Neal was also super excited about tearing those photos apart, but initially we’d either throw the flowers out of frame, or he’d be smiling in the photo which would seem to contradict the tearing of the flowers. One of the most memorable experiences in the beginning of our time together he said laughingly, “You know, I feel like since I am getting my photo taken that I should be smiling.” And you could see that nervous energy, but I just told him something to the effect that he should just do what he feels comfortable doing and if that’s smiling, then to do it, but if not don’t worry about smiling.
Lavender Hazze tears apart flowers in the studio. “You’ve gotta ignore the negativity the world is throwing at you and just do whatever it is you want! For me, I’m blooming. No more holding back,” Primm said.
When my roommate saw this image she said something that I believe was incredibly profound and correlates to the drag community and how people view it. “It’s almost as if the flowers represent femininity and destroying them is destroying the social confines of who and what can be feminine.” -Casey Crick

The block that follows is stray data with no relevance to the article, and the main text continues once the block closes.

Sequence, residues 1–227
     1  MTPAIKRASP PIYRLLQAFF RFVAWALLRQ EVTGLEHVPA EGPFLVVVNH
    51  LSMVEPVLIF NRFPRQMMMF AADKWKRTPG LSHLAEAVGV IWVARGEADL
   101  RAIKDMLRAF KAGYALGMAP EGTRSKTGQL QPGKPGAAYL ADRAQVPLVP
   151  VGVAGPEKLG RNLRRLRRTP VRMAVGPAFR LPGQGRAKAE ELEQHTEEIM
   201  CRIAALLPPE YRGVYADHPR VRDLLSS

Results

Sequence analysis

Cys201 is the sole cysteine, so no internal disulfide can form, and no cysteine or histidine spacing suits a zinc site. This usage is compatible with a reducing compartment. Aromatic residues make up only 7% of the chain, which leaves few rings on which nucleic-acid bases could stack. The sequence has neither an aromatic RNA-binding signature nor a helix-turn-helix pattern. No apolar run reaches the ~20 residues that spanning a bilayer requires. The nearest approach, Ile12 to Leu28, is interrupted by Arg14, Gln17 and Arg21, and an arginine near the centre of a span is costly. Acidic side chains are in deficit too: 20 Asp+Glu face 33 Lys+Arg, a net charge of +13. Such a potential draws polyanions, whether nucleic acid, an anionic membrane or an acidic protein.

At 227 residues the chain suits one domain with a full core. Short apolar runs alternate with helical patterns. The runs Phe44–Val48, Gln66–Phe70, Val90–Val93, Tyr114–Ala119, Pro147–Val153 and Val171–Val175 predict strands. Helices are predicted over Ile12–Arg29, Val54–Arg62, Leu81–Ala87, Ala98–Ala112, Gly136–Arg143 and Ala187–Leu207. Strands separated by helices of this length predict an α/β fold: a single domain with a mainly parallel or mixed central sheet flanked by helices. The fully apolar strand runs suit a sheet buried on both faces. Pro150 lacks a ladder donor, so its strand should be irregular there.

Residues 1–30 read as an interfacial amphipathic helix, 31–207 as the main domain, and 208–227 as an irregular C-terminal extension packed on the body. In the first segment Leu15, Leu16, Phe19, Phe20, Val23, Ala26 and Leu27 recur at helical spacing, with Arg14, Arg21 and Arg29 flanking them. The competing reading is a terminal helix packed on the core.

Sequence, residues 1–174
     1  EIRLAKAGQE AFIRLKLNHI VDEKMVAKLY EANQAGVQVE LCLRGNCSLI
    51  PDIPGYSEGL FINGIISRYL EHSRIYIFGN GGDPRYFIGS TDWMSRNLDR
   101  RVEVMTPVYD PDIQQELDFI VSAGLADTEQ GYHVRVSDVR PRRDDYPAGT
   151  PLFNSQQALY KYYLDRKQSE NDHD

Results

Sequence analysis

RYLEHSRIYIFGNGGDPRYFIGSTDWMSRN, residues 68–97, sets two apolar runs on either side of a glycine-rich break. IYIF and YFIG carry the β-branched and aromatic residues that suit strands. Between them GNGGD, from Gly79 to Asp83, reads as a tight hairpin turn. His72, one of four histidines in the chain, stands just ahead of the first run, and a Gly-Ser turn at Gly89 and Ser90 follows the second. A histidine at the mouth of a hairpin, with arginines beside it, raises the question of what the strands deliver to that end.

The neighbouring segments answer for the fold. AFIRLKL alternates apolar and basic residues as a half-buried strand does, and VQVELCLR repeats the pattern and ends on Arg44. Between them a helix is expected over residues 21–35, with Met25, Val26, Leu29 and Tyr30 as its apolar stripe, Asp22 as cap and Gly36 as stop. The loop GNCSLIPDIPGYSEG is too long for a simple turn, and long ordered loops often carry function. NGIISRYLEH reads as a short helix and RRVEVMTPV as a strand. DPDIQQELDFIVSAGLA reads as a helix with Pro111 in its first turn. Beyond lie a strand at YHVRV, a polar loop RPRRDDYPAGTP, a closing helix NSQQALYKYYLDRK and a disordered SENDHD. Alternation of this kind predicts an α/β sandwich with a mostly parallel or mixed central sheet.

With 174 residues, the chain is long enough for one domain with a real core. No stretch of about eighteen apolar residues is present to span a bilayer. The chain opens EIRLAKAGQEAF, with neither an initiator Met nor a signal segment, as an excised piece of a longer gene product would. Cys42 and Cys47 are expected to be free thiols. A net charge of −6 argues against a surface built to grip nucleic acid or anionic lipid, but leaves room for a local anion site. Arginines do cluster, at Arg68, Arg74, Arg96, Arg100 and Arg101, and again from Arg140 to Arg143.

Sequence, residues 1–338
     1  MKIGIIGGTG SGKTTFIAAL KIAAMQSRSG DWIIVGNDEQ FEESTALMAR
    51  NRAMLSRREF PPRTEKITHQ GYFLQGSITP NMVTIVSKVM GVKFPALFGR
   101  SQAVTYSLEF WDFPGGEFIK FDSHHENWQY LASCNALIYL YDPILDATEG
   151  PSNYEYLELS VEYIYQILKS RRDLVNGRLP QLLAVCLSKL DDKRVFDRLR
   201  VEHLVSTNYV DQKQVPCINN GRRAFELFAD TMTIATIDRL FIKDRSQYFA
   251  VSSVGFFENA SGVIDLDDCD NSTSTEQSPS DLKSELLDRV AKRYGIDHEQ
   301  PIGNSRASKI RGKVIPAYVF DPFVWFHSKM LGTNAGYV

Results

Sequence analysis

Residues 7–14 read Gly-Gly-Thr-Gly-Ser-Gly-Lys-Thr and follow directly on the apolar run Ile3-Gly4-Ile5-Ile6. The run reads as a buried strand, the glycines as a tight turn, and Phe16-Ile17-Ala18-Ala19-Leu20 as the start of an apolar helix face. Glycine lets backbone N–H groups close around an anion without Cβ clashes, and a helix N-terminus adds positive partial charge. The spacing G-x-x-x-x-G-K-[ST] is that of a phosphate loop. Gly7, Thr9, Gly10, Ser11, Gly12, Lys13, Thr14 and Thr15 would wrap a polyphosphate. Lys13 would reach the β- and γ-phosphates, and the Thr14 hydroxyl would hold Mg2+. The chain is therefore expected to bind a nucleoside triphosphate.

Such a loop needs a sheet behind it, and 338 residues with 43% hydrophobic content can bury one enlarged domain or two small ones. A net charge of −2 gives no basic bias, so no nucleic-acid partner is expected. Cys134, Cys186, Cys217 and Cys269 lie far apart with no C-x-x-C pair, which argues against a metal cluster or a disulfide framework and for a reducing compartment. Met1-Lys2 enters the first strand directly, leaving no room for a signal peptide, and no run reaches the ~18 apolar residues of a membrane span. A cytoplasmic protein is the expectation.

Central Michigan Mayhem
Cassi (aka Battle Scarred Beauty) and Kate (aka Sly Vixen)
So photographing the women on the Central Michigan Mayhem team was a lot of fun. It wasn’t my first experience with them as I had photographed their annual event Zombies vs. Vampires bout last year, an event I will also be covering this year on Saturday, Oct. 29. I planned to get to the arena after their practice but got there early in case they finished practice early. The down side of that I hadn’t realized, was that the ladies would be tuckered out after practice and almost all of them felt like a hot and sweaty mess and weren’t really up for being photographed. Two rockstars got their gear back on for me and went in front of the camera so I could get some shots for my assignment.